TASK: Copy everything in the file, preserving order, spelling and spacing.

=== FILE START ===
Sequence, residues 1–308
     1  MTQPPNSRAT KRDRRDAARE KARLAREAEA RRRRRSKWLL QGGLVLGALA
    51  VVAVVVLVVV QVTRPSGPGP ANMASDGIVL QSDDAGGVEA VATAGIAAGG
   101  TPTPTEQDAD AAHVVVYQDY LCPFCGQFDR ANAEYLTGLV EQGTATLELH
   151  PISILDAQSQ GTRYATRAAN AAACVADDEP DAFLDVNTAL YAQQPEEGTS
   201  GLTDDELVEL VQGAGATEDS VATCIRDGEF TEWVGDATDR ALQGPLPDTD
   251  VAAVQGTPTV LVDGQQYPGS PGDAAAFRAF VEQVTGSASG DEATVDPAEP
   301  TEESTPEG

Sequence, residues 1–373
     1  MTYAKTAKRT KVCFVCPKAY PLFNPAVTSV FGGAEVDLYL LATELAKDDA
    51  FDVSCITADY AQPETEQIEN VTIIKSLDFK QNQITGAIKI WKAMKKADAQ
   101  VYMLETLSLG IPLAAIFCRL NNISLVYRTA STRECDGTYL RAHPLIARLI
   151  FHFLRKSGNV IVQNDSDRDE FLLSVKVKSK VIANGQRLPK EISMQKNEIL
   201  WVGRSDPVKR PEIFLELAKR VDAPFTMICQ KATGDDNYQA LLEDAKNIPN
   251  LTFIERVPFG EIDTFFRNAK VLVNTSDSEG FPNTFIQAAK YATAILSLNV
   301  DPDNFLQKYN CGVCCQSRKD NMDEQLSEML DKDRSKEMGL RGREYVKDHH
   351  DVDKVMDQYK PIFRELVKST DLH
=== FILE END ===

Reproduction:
Sequence, residues 1–308
     1  MTQPPNSRAT KRDRRDAARE KARLAREAEA RRRRRSKWLL QGGLVLGALA
    51  VVAVVVLVVV QVTRPSGPGP ANMASDGIVL QSDDAGGVEA VATAGIAAGG
   101  TPTPTEQDAD AAHVVVYQDY LCPFCGQFDR ANAEYLTGLV EQGTATLELH
   151  PISILDAQSQ GTRYATRAAN AAACVADDEP DAFLDVNTAL YAQQPEEGTS
   201  GLTDDELVEL VQGAGATEDS VATCIRDGEF TEWVGDATDR ALQGPLPDTD
   251  VAAVQGTPTV LVDGQQYPGS PGDAAAFRAF VEQVTGSASG DEATVDPAEP
   301  TEESTPEG

Sequence, residues 1–373
     1  MTYAKTAKRT KVCFVCPKAY PLFNPAVTSV FGGAEVDLYL LATELAKDDA
    51  FDVSCITADY AQPETEQIEN VTIIKSLDFK QNQITGAIKI WKAMKKADAQ
   101  VYMLETLSLG IPLAAIFCRL NNISLVYRTA STRECDGTYL RAHPLIARLI
   151  FHFLRKSGNV IVQNDSDRDE FLLSVKVKSK VIANGQRLPK EISMQKNEIL
   201  WVGRSDPVKR PEIFLELAKR VDAPFTMICQ KATGDDNYQA LLEDAKNIPN
   251  LTFIERVPFG EIDTFFRNAK VLVNTSDSEG FPNTFIQAAK YATAILSLNV
   301  DPDNFLQKYN CGVCCQSRKD NMDEQLSEML DKDRSKEMGL RGREYVKDHH
   351  DVDKVMDQYK PIFRELVKST DLH